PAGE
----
He set out in life with a delicate figure and an extremely youthful appearance, but in return he was possessed of some solid, staunch qualities which moulded him into a first-rate character. From his mother, whose family is still numerously represented in Norway, he had inherited a sound realism which made him firmly resolved to get a position in life and to settle down comfortably on a fixed salary. From his father, of whose family no trace is left among us, he had inherited what has been called the itinerary element of his nature—his[12] passion for travelling, initiated by his early Fron journey, his eagerness to see foreign countries, to stroll about in the big cities, to pass along the high roads from one country into another, covering extraordinary distances—an energetic student, a haunter of libraries, always on the look-out for new books, but above anything else, always and everywhere, a keen observer of men and things, enriching himself with knowledge from the fresh, inexhaustible sources of life.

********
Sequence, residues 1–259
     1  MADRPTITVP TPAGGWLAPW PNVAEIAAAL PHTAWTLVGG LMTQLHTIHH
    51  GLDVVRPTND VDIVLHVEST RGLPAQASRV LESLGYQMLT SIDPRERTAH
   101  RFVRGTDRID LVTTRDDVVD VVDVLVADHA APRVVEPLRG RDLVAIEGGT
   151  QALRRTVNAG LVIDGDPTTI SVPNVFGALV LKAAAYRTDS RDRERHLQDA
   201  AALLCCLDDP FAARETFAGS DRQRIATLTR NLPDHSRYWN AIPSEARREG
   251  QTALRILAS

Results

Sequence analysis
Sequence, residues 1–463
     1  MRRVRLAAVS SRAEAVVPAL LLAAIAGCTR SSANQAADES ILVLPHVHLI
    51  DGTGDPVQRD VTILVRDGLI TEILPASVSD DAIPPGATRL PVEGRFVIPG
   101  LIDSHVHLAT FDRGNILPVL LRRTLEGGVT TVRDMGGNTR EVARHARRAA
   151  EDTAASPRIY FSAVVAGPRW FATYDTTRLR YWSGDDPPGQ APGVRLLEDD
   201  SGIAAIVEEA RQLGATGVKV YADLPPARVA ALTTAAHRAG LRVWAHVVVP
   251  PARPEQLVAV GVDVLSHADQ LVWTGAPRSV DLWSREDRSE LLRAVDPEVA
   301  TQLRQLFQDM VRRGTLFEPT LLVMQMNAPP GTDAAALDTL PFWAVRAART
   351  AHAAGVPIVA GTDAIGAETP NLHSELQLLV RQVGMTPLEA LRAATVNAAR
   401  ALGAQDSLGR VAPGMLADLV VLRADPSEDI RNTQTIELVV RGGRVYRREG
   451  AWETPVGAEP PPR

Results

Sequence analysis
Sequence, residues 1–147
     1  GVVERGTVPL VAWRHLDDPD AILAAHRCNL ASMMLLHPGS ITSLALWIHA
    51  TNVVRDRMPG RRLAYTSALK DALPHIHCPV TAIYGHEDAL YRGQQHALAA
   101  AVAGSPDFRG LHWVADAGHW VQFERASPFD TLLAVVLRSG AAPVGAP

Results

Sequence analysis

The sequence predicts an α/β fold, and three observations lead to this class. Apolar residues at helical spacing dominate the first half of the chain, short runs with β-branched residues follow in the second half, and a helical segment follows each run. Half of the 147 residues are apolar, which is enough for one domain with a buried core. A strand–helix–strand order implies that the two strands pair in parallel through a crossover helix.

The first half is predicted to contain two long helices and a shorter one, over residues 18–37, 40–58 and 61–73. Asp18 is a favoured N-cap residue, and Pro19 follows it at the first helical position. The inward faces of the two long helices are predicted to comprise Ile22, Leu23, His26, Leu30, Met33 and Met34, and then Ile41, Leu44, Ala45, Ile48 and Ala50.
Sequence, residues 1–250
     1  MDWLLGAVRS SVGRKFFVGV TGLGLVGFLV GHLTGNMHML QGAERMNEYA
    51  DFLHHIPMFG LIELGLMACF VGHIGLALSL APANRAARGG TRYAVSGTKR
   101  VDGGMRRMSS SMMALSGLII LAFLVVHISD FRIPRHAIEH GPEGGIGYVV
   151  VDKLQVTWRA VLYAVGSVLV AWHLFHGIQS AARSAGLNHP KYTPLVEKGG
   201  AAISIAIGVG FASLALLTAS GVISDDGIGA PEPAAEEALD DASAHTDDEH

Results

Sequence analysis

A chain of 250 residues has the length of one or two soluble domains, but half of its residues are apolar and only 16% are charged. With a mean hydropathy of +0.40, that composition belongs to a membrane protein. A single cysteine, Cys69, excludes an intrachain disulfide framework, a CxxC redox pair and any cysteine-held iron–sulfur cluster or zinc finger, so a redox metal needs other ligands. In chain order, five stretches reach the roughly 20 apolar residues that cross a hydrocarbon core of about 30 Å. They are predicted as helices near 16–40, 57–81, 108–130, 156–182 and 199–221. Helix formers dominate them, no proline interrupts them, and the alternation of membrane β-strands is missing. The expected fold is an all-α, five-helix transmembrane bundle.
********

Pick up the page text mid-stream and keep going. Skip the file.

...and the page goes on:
Besides this, he was a true son of Bergen, the most heterogeneous town of Norway—a sort of "Noah's Ark," according to his own expression—with a development of its own which, in the course of centuries, has made the natives of Bergen differ considerably in views and manners from the rest of their countrymen. Even in our days these differences still make themselves felt in some degree. All this you must bear in mind when you speak about Holberg. The remarkable influence exercised upon him by Bergen gives the clue to his personality—to his genius as a playwright, to his liberal views as an historian, to his clear, realistic reasoning as a philosopher. It is always Bergen, never Copenhagen, which is uppermost in his mind.